Actively-enrolling studies



Biomarkers of Alzheimer Disease in Sleep and EEG

The goal of this study is to develop sleep and EEG (brain wave) biomarkers of early Alzheimer Disease, to use for non-invasive screening, even prior to cognitive symptoms.

We are actively enrolling participants at least 65 years of age, who have normal memory or mild problems with memory. The study involves memory tests, sleep studies at home and at the Washington University medical campus, and a lumbar puncture. Participants will be reimbursed for their time and effort.

[In collaboration with Miranda Lim MD PhD]

NAPS Consortium

NAPS Consortium

North American Prodromal Synucleinopathy Consortium for REM sleep behavior disorder

The NAPS Consortium is enrolling participants with REM sleep behavior disorder (RBD), in order to form a trial-ready cohort for future neuroprotective treatment clinical trials. Washington University is the lead site for the 10 NAPS Consortium sites in the US and Canada. Please visit the NAPS Consortium website for additional details.

Sleep and Circadian Rhythms in Alzheimer Disease

Sleep and Circadian Rhythms in Alzheimer Disease

“Sleep & Tau” study

There is a bi-directional relationship between sleep/circadian dysfunction and Alzheimer Disease pathology. In this study, we will tease apart this chicken-and-egg relationship by re-measuring sleep in individuals who participated in the Knight ADRC Actigraphy Wave 1 study in 2010-2012. Contact or call us if you are interested in participating.

[In collaboration with David Holtzman MD, Erik Musiek MD PhD]

Completed studies

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Sleep and Amyloid

Targeting slow wave sleep to control neuronal activity and amyloid-beta dynamics

This study showed that

  1. Obstructive sleep apnea appears to reduce clearance of brain waste products including amyloid-beta,
  2. Treatment of obstructive sleep apnea seems to normalize the relationship between amyloid-beta and sleep quality, and
  3. Slow wave sleep disruption specifically results in an increase in amyloid-beta levels in the cerebrospinal fluid.

This study has completed enrollment, but CSF, polysomnography, EEG, and other data and biospecimens are available for further analysis.

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KADRC Actigraphy Wave 1

Original 2010-2012 cohort

205 cognitively-normal participants from the Knight Alzheimer Disease Research Center had actigraphy measurement of their sleep and circadian rhythms. This study was the first to show that individuals with preclinical Alzheimer Disease (brain changes but without cognitive symptoms) have worse sleep quality as well as irregular circadian activity rhythms.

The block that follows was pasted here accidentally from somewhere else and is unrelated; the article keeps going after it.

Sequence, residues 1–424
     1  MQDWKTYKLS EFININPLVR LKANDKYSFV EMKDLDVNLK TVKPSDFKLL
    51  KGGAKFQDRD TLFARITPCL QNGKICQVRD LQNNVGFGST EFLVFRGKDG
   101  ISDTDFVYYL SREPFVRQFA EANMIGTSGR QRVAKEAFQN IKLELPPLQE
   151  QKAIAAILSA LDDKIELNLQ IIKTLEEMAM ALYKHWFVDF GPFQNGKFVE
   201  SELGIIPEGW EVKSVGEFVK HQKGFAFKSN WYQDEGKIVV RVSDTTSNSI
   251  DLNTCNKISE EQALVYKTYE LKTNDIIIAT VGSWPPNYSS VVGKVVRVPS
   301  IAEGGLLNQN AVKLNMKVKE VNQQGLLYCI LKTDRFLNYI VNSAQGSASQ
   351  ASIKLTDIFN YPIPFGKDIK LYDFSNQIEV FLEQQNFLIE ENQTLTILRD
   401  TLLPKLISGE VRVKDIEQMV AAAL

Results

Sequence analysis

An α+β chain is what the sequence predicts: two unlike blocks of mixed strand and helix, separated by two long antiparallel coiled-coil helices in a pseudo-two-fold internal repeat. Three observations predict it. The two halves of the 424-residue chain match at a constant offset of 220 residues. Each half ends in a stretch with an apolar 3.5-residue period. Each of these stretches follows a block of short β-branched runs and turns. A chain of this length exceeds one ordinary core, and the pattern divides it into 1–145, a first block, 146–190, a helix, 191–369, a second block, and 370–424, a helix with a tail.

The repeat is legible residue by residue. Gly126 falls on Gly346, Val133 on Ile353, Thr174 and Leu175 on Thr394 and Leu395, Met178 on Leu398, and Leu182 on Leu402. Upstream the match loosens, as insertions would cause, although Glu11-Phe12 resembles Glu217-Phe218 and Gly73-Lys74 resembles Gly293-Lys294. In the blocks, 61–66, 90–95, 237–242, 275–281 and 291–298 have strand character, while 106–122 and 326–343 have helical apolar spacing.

[In collaboration with David Holtzman MD]


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OSA and Glucose Metabolism

PI Bettina Mittendorfer PhD

This study uses deep metabolic phenotyping to determine tissues and mechanisms responsible for abnormal glucose metabolism in individuals with obstructive sleep apnea.

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Postoperative Delirium and Electroencephalographic Measures of Sleep and Wakefulness

PI Ben Palanca MD PhD

This study examines sleep EEG predictors of delirium in the postoperative period.

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Sleep Apnea and FEtal growth Restriction

PI Ellen Lockhart MD

This study will assess the effect of obstructive sleep apnea in pregnant women on fetal growth restriction.

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Perioperative Delirium

CPAP adherence and postoperative delirium in patients with OSA

PI Michael Avidan MBBCh FCA SA

This study examined the effect of obstructive sleep apnea and its treatment with CPAP on postoperative delirium.

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Systemic Lupus Erythematosus Evaluation of Poor Sleep

PI Alfred Kim MD PhD

SLEEPS is a prospective, longitudinal, observational cohort enrolling patients with Lupus followed at the Lupus Clinic at Washington University.

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March of Dimes Prematurity Center

Theme 3: The Influence of Chronotype on Risk of Preterm Birth

Theme 3 Leaders: Sarah England PhD, Erik Herzog PhD, Emily Jungheim MD MSCI, Justin Fay

Does the disruption of maternal sleep/wake patterns contribute to preterm birth?